There are five different species of rhinoceros, two in Africa, and three in Asia.
The Sumatran rhinoceros is the smallest of all rhinoceros species. Unlike other Asian rhinos, it has two horns, rather than one. It is also unique among rhinos in being covered in hair.
There are two subspecies of Sumatran rhino, the Western Sumatran rhinoceros, which is the species found in Sumatra, and the Eastern Sumatran rhinoceros, which is found in Kalimantan (although this population is doomed, as it numbers only around 10 individuals). In the past, the Sumatran rhino had a much larger range across Southeast Asia, however these other populations are now extinct.
The Western Sumatran rhinoceros lives in three national parks in Sumatra. These are Way Kambas National Park, and Bukit Barisan Selatan National Park in southern Sumatra, and Gunung Leuser National Park in North Sumatra. The total population is unknown, but is estimated at around 100 individuals, a number which has shrunk by 80% since 1985.
Rhinos are believed to inhabit only a small part of the Gunung Leuser National Park. They require a specifically dry forest habitat, a habitat which is rare in Sumatra. However, as the Gunung Leuser National Park is large relative to Way Kambas and Bukit Barisan Selatan, the total rhino habitat is largest in the Gunung Leuser National Park. Sumatran rhinos seek rivers, and avoid areas with roads.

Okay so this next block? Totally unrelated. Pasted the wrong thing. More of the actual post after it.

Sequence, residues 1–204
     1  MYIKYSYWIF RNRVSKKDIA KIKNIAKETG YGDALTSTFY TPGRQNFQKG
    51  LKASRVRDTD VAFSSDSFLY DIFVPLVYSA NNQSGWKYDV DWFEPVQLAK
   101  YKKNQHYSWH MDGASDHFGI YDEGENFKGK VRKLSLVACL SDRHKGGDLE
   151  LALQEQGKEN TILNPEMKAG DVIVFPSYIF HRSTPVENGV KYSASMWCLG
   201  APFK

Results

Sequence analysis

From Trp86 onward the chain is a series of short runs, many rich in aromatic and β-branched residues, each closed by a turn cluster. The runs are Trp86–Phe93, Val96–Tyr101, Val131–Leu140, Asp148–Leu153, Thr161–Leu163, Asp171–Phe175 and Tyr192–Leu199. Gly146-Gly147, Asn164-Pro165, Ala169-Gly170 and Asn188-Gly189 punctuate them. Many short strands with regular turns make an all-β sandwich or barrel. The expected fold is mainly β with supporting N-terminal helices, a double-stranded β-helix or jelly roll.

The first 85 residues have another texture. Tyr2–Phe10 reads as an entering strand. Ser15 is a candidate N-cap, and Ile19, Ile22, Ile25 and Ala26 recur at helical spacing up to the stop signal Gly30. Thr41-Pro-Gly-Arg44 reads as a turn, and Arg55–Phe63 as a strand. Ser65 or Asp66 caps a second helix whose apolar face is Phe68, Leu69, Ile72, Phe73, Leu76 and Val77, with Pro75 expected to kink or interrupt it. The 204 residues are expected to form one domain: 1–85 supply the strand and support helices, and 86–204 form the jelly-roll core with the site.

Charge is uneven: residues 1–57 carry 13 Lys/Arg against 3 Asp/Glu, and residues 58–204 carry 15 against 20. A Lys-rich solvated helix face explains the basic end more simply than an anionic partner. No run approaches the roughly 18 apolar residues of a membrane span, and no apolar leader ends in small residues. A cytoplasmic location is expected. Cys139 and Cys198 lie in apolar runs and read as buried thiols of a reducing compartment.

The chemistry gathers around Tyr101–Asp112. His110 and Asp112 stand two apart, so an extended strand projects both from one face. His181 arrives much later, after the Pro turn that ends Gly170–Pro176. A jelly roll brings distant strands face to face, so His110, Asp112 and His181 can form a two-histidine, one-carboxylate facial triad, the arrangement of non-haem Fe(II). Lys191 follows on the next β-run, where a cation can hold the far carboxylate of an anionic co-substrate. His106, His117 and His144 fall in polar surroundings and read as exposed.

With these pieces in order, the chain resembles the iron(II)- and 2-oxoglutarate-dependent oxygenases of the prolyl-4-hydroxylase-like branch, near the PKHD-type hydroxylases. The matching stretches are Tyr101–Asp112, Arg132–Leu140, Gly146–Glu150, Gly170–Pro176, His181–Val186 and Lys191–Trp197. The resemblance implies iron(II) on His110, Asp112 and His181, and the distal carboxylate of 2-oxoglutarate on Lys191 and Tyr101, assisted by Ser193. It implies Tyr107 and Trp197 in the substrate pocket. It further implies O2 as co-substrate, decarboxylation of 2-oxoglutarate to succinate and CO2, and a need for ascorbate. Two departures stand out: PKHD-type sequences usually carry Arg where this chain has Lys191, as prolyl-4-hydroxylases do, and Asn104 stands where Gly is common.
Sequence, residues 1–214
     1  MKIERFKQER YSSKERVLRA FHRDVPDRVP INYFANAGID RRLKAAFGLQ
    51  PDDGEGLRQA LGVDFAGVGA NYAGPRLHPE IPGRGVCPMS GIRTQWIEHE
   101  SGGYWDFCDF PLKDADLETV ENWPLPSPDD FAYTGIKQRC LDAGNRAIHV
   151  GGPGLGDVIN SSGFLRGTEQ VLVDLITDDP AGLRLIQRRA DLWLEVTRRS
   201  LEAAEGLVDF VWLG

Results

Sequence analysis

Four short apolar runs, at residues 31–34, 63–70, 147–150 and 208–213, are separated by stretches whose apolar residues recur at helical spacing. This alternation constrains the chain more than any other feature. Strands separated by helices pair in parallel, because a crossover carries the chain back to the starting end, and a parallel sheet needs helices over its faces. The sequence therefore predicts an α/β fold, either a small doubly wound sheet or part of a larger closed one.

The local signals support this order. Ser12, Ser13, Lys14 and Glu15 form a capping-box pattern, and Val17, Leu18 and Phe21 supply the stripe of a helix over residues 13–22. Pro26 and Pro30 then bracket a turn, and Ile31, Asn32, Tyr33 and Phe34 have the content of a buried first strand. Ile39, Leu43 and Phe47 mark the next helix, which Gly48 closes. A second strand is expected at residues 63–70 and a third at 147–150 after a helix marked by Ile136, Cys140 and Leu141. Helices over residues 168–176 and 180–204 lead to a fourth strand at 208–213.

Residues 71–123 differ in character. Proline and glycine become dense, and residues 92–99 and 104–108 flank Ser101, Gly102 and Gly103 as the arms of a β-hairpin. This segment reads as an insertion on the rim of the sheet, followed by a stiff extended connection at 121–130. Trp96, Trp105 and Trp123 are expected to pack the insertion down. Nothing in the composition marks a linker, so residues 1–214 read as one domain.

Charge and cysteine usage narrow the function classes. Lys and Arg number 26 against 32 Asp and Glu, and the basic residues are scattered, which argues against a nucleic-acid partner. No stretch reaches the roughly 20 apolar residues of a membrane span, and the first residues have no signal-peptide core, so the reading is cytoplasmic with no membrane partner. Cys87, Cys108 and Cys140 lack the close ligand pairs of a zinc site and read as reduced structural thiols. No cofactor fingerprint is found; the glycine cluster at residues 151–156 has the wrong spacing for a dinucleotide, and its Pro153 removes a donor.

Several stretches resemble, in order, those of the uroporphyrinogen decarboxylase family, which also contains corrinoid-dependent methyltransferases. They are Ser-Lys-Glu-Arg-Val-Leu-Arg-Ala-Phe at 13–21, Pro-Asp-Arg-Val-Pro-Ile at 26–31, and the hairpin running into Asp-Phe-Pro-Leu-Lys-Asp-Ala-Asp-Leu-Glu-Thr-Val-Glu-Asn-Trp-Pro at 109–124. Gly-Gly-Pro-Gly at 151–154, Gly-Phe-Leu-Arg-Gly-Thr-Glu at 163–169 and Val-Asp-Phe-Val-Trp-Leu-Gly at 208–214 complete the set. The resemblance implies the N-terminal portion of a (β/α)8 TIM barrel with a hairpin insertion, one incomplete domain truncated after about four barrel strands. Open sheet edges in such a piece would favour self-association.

Poaching is a major threat to rhinos, as their horns are worth around $10,000/kg. In addition, deforestation has substantially reduced the habitat of the Sumatran rhino. They are very large mammals with low population density, and require a large area of undisturbed forest (they have a range of up to 50 square kilometres).
A breeding program for Sumatran rhinos began in the 1980s, but it was spectacularly unsuccessful, as Sumatran rhinos are difficult to breed, and ended up reducing the wild population of the animals.
Sumatran rhinos are solitary animals, but they leave their mark in the jungle by damaging trees, as a form of communication. Although you are unlikely to see a Sumatran rhino near Bukit Lawang as it is not a part of their habitat, there are some marks in the jungle from rhinos having rampaged through in the past.